Saturday, October 19, 2013
Under different circumstances, a 0-16 record would be the sign of a pretty dismal season. For the Horizon Christian School Hawks volleyball team, though, this fall’s winless season is merely the necessary cost of building the foundations of a new program.
A group of energetic and willing girls and coaches founded the Hawks’ first-ever volleyball team last season. With most girls having no former volleyball experience, the team was winless, although greatly improved from start to finish. The story was similar this year, but with more players and several girls returning from last season to share their limited experience. This season the Hawks had a full team of 14 to compete in the 10-team 1A Big Sky League.
“More than half of our girls had never played before,” coach Cynnamon Hawkins said this week after the team’s last game Tuesday against Dufur. “So although our record shows no wins, we had a really great season when you look at how we played at the beginning to how we played at the end. We really came a long way this year, and with only two seniors we should have most of the team back next year.”
Senior captain Brook Serdar echoed Hawkins’ comments in her final season as a Hawk. “It was another learning year for us. I think in a couple more years once we get some experience we’ll be pretty good.”
Serdar started on last year’s team with no former volleyball experience, and despite not winning a match in her two years with the team, she says “The experience was really a lot of fun. We were all at pretty much the same level, so nobody had to feel like we weren’t good.”
At such a small school, Hawkins says the introduction of the new team has had a positive effect throughout the Horizon community.
“It’s great, even though most of our games weren’t very exciting, and we knew what was going to happen, we had a lot of support,” she said. “There were always people in the stands watching us and cheering us on. That’s one of the benefits of our little school; the kids are there to support each other.”
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Parkdale third graders sing "12 Disaster Days of Christmas"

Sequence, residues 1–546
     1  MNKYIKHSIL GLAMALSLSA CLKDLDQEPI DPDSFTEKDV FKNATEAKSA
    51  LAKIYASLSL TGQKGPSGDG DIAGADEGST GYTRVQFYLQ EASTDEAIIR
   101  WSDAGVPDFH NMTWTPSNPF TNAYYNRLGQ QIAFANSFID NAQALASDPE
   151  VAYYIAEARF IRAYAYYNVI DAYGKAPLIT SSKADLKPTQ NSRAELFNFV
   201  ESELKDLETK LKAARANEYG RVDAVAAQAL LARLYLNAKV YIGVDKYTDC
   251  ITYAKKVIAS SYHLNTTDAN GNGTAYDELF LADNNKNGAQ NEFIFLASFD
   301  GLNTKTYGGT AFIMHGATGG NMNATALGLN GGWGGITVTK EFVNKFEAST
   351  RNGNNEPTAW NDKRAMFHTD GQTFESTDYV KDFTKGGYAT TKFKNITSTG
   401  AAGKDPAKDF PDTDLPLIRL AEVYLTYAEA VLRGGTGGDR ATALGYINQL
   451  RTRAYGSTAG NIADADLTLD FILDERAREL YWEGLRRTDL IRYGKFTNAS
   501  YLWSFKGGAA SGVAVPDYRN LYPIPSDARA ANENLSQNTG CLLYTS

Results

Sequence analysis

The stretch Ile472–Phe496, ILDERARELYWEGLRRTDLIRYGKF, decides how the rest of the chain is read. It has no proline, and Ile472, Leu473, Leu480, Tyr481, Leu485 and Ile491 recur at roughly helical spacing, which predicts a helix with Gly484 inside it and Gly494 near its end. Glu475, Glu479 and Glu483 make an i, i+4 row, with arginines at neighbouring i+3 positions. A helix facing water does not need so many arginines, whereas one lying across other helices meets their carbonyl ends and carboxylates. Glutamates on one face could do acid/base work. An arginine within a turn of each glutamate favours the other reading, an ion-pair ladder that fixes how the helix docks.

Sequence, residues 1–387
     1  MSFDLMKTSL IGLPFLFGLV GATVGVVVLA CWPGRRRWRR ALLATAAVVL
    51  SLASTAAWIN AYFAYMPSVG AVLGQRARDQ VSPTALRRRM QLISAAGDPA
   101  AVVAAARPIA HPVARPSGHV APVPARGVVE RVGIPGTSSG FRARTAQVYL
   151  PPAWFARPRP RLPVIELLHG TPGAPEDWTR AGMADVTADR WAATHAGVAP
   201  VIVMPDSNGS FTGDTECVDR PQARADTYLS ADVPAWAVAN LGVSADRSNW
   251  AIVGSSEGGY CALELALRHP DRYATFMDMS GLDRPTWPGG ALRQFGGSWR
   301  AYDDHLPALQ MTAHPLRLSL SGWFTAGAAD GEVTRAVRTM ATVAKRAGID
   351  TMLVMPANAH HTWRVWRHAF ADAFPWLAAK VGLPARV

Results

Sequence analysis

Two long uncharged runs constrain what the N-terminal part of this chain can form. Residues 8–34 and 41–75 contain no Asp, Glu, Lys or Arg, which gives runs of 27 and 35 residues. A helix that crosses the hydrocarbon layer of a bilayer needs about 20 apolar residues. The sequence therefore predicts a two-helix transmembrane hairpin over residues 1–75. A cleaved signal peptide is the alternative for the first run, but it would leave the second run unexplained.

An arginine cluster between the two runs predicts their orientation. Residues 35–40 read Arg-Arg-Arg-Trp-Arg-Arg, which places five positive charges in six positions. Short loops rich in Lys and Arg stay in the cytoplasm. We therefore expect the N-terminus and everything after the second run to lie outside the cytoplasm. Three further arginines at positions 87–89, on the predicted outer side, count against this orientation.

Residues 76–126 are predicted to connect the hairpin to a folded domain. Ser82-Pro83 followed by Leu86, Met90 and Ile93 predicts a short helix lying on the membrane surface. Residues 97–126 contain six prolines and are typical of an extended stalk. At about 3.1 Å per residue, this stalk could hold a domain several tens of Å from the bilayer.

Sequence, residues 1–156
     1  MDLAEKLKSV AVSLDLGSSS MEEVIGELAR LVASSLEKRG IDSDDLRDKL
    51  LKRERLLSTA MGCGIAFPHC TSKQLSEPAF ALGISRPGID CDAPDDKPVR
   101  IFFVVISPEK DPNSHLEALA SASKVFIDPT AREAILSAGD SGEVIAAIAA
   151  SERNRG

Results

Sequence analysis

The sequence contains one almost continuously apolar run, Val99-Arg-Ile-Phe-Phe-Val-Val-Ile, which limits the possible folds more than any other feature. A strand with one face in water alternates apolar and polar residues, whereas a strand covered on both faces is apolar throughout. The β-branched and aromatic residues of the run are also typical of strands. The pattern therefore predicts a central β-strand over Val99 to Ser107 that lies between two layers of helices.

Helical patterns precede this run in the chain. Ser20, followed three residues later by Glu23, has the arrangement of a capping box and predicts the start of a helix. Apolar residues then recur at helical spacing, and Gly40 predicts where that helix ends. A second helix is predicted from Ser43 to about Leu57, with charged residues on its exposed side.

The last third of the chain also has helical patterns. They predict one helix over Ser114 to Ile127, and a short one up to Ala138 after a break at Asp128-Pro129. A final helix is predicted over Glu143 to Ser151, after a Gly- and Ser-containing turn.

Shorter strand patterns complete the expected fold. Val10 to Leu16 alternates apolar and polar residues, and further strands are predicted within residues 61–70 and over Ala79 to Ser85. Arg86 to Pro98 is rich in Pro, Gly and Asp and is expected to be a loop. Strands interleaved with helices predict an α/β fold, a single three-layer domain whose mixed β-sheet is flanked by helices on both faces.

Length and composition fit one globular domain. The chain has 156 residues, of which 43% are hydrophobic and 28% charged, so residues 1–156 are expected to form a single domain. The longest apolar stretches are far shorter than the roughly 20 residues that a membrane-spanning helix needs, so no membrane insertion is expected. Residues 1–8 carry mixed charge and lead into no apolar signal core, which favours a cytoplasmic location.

Welcome to your sing-able Christmas gift list. What follows is an emergency rendition of “12 Days of Christmas” – for outfitting your home or car in case of snow storm, earthquake, flood or other emergency. Read it as a simple list, or sing it to the tune of “12 Days” – you know, as in “ … and a partridge in a pear tree…” Not to make light of it, but the song is a familiar framework for a set of gift ideas that you could consider gathering together, even if the recipient already owns items such as a bunch of coats, tire chains and flashlights. Stores throughout the Gorge are stocked up on all these items. Buying all 12 days might be prohibitive, but here are three ideas for checking any of the dozen off your list (notations follow, 1-12.) The gift items needed to stay warm, dry and safe are also coded to suggest items in your abode (A) in your car (C) or both (B). 12 Gallons of Water (A) 11 Family meals (B) 10 Cans of propane (A) 9 Hygiene bags (B) 8 Packs of batteries (A) 7 Spare coats (B) 6 Bright red flares (C) 5 Cozy blankets (B) 4 Tire chains (C) 3 Flashlights (B) 2 cell phone chargers (B) 1 And a crush-proof first aid kit (B) Price ranges? Here’s a few quotes for days Three, Two, Four and Nine: n A family gift of flashlights (three will run $15-30, Hood River Supply, Tum-A-Lum) n Cell phone chargers (two will run $30-60) n Tire chains (basic set, $30, Les Schwab, returnable if unused for the winter) n Family meals ($100 or so should cover the basics for three or four reasonably well-fed days) n The home kit should be kept in a handy place near an exit, and remember that water needs to be replenished every few months. If you have a solid first aid kit already, switch out the gift idea with “and-a-sto-o-u-t- tub-for it-all …” Otherwise, it’s a case of assembling your home or car kits and making sure all members of the family know what the resources are and how to use them (ie flares and propane). Emergency situations are at worst life-threatening, at best deeply uncomfortable if you and your family are left without power for an extended period, or traveling and find yourself in a situation where you need to wait out a storm, lengthy traffic delay, or other crisis. Notes on the 12 gift ideas: 12 – Gallons of water: that’s one per person in a four-member family to last for three days, the recommended minimum to be prepared for utility outages. 11 – Easy-open packaged goods, energy bars, dried food and nuts are good things to include for nutrition. Think of what your family of four needs for three days to stay fortified and hydrated (see number 12). Can-opener also recommended 10 – If you have a propane camping stove, keep extra fuel handy. 9 – Hygiene bags: put packaged moistened towelettes, toilet paper, and plastic ties in large garbage bags (for personal sanitation) Resource list courtesy of Hood River County Emergency Management, Barbara Ayers, manager/ 541-386-1213. The county also reminds residents to Get a Kit, Make A Plan to connect your family if separated, and Stay Informed. See www.co.hood-river.or.us to opt-in for citizen alerts. Enlarge